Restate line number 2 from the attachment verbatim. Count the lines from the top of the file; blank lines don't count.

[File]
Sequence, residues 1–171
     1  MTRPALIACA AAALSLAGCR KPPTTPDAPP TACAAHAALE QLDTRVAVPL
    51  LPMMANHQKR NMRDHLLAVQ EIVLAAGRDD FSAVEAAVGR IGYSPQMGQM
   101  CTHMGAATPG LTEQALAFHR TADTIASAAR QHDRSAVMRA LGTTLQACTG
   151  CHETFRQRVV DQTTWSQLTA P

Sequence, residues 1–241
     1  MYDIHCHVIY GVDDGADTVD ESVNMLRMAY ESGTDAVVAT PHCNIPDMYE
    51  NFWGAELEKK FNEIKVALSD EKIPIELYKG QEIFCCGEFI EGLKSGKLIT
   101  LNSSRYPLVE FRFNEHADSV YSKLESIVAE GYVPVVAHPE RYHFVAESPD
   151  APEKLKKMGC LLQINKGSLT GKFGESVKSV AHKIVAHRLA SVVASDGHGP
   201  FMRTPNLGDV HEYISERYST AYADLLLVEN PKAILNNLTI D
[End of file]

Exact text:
     1  MTRPALIACA AAALSLAGCR KPPTTPDAPP TACAAHAALE QLDTRVAVPL